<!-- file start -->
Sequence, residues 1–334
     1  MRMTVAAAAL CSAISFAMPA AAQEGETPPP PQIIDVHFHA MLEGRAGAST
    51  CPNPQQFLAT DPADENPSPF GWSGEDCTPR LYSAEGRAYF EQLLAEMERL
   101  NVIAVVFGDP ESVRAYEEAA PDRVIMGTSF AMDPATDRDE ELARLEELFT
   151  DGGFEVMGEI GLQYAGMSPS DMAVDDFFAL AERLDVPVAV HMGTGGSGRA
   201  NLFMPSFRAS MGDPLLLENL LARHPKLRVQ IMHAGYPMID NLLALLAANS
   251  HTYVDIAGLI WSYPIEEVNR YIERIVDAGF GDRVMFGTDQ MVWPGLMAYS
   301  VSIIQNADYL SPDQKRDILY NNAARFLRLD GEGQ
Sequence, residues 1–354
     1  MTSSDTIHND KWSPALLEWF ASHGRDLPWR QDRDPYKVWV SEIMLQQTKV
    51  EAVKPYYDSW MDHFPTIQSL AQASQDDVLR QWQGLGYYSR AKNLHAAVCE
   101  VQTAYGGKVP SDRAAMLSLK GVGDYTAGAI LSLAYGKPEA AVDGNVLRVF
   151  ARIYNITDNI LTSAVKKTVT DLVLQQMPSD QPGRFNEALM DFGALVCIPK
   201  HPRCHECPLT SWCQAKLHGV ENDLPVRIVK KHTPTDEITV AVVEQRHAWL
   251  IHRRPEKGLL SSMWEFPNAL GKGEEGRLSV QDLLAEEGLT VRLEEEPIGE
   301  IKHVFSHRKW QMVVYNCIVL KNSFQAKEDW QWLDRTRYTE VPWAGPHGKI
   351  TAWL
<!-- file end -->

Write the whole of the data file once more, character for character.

Sequence, residues 1–334
     1  MRMTVAAAAL CSAISFAMPA AAQEGETPPP PQIIDVHFHA MLEGRAGAST
    51  CPNPQQFLAT DPADENPSPF GWSGEDCTPR LYSAEGRAYF EQLLAEMERL
   101  NVIAVVFGDP ESVRAYEEAA PDRVIMGTSF AMDPATDRDE ELARLEELFT
   151  DGGFEVMGEI GLQYAGMSPS DMAVDDFFAL AERLDVPVAV HMGTGGSGRA
   201  NLFMPSFRAS MGDPLLLENL LARHPKLRVQ IMHAGYPMID NLLALLAANS
   251  HTYVDIAGLI WSYPIEEVNR YIERIVDAGF GDRVMFGTDQ MVWPGLMAYS
   301  VSIIQNADYL SPDQKRDILY NNAARFLRLD GEGQ
Sequence, residues 1–354
     1  MTSSDTIHND KWSPALLEWF ASHGRDLPWR QDRDPYKVWV SEIMLQQTKV
    51  EAVKPYYDSW MDHFPTIQSL AQASQDDVLR QWQGLGYYSR AKNLHAAVCE
   101  VQTAYGGKVP SDRAAMLSLK GVGDYTAGAI LSLAYGKPEA AVDGNVLRVF
   151  ARIYNITDNI LTSAVKKTVT DLVLQQMPSD QPGRFNEALM DFGALVCIPK
   201  HPRCHECPLT SWCQAKLHGV ENDLPVRIVK KHTPTDEITV AVVEQRHAWL
   251  IHRRPEKGLL SSMWEFPNAL GKGEEGRLSV QDLLAEEGLT VRLEEEPIGE
   301  IKHVFSHRKW QMVVYNCIVL KNSFQAKEDW QWLDRTRYTE VPWAGPHGKI
   351  TAWL